‘RuPaul’s Drag Race’ Recap: Silk Silk And The Curdling Milk
With one episode in the workroom left for S11, where to from here? Certainly not West.
Am I Sharpay Evans in High School Musical? Because I feel like scream-singing, “This is not what I wanted / This is not what I planned / And I just have to say / I do not understand!” to an auditorium of my peers. What the hell happened this episode?
After one of the show’s most lacklustre lip syncs in recent seasons (sorry Miss Fame and Pearl), Silky shantéed, Nina sashayed — and before that, Brooke Lynn won over Vanjie in this week’s makeover challenge. Then again, those facts themselves aren’t the frustrating part. It’s more that the producers completely abandoned any sense of narrative to get us there.
The footage we saw didn’t quite match up with what happened. It’s all just very confusing, because we know Drag Race can and will edit the show to down-play a queen’s successes and up their failures (remember when S7’s Max interrupted RuPaul on the main-stage to sing, seemingly unhinged? Not quite!).
Editing for a narrative is ‘unfair’ but ultimately fine. In case you need reminding, we’re watching a reality TV show, and what’s realer than a rigged meritocracy? But this episode, the editors left in so many moments that led the viewers down false paths — Vanjie getting such high praise, #Wig-gate, the ‘meh’ — that it was hard to not feel hard done by once the dust settled.
With one episode in the workroom left for S11, where to from here? Certainly not West.
They’re Back Back Back Back Back Again
Am I Corbin Bleu in High School Musical 2? Because I’d much rather be baking than in the midst of all this half-hearted #Wig-gate drama. But first: A genuinely funny faux-slapping challenge.
I’m guessing the girls were given extra time to write the reads in the wake of that disastrous Reading challenge — the jokes are a step above last time. Brooke rightfully wins thanks to her spins and Dynsasty-esque side-stares.
Since her comedic breakthrough on ‘LADP’, she’s managed to turn her ballet poise into an asset in acting challenges, and she’s fast become The Frontrunner of the season (especially now that she’s on three wins, but more on that later).
The returning queens enter for a makeover challenge — well, some of them. Last week, I noted that Mercedes and Ra’Jah weren’t coming back, and guessed they weren’t too keen to. But I completely forgot about Kahanna Montrese. Luckily, Honey Davenport was ready to fill in as this season’s trade.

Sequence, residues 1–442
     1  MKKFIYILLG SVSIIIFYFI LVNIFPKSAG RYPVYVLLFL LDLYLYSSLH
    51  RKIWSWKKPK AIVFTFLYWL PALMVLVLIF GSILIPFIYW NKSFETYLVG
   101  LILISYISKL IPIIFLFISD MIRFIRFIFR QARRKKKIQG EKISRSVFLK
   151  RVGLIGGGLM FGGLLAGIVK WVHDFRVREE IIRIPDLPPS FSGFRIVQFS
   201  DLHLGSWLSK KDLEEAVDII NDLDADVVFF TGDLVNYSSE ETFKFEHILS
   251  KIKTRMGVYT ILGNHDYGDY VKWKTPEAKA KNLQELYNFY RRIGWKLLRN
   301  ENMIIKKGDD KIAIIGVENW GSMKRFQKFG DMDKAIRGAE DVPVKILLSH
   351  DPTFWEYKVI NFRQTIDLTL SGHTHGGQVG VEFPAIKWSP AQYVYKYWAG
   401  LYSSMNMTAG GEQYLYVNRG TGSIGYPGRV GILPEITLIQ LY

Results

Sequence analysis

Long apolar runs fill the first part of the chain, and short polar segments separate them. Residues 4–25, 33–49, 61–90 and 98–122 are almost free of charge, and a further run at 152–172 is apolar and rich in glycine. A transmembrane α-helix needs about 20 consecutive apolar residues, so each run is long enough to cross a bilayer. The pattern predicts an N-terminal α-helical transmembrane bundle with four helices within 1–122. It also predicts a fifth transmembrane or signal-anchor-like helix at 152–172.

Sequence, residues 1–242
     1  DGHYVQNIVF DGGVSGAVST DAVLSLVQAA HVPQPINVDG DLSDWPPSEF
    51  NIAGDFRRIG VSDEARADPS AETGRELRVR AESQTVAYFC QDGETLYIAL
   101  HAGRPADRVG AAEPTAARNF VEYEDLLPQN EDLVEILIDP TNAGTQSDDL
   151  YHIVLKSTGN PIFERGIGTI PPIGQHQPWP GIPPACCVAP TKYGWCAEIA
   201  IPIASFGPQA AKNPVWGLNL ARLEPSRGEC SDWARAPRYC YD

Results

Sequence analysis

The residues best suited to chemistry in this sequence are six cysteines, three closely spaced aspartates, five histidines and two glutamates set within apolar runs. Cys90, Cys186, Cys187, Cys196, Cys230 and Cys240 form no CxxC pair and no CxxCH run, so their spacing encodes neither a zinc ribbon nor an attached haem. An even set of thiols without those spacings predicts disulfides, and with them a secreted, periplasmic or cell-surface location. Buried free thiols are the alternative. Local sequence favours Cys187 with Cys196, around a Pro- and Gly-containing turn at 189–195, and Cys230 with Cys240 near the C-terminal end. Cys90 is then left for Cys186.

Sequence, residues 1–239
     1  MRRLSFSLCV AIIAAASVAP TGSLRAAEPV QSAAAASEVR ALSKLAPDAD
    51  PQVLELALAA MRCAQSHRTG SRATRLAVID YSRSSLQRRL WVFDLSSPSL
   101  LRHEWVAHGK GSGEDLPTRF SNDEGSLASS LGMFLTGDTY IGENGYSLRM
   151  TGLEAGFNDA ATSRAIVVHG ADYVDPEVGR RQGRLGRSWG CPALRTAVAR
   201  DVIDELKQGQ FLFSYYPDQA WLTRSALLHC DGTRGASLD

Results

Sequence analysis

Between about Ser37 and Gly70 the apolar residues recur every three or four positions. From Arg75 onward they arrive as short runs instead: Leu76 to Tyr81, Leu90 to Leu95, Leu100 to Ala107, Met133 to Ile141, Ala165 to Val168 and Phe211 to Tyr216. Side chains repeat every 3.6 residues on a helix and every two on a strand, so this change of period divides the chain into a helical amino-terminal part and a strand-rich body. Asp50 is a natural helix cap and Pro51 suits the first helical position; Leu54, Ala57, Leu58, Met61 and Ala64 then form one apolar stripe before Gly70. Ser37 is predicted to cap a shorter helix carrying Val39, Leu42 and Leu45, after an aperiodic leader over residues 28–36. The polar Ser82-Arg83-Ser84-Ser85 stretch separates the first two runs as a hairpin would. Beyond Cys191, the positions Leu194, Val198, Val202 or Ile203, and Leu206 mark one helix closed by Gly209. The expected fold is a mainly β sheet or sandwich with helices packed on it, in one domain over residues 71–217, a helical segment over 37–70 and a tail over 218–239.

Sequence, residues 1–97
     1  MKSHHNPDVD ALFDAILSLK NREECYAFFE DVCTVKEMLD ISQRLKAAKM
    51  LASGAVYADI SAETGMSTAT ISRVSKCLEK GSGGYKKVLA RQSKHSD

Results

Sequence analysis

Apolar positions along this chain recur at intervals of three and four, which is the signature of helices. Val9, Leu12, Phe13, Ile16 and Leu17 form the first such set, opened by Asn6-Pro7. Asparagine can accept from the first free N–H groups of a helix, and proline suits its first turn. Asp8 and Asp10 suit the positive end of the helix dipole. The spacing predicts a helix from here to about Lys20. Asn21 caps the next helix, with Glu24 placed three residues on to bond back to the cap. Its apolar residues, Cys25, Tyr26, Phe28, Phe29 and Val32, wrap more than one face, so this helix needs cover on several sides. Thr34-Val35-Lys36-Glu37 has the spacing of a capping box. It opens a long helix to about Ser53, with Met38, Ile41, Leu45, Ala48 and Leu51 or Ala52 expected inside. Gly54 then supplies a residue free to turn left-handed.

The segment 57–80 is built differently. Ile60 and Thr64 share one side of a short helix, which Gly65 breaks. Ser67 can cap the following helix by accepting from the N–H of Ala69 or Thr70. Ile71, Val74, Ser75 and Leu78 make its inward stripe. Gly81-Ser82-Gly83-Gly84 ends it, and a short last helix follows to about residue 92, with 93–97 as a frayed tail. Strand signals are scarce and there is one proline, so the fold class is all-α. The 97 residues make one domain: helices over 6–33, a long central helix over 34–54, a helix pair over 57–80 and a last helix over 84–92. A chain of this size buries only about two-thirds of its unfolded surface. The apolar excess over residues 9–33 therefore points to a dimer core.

There’s a lot of talk about shady pairings this episode, with Silky outright saying it was unfair she was paired with Soju. But I tend to believe Brooke when she says they were just the left-over couple, since everyone else works so well together.
Still, given that the other teams have similar body sizes, for most, the makeover is a simple case of slightly tailoring a pre-existing outfit. By nature of their body types, Silky arguably has to sow two looks, and the rushed nature of it shows. It’s clear she’s absolutely in her head this episode: she looks defeated the moment she gets her partner.
As a result, Silky more or less spends the episode lashing out at Soju. Sure, Soju doesn’t wear heels (due to a medical condition, apparently), and was the first out, but since it’s a make-over challenge, Soju’s own makeup issues shouldn’t matter all that much.
It’s pretty awful to watch, especially as it’s clear Soju tries to laugh off the constant comments — which include Ru directly asking Silky if she was at a disadvantage, while Soju is standing next to them.
Silky’s entire interaction with Ru is off, as she refuses to directly admit she screwed up last week. It’s clear Ru’s gunning for that Vulnerable Moment the judges are so obsessed with, but Silky continues to be loud and quip-filled.
When she flubs that Bruno Mars (???) reference, you can see a panic in Silky’s eyes, as if she knows she needs to be saying something very different, but isn’t quite capable of it. More than her lip sync, her failure to offer that moment here might cost her the crown, unless there’s a breakthrough next week.
There’s a lot of hatred online for Silky this week, both for surviving the lip sync and her behaviour to Soju and continual pushing of Yvie. I get the disdain (but, of course, don’t condone the hatred). Silky is calculated and cutting when she tells judges that Yvie is fundamentally a mean person — and it’s frankly ridiculous to then claim you’ve “only ever been nice” backstage on Untucked, especially given how she acted to Soju this episode.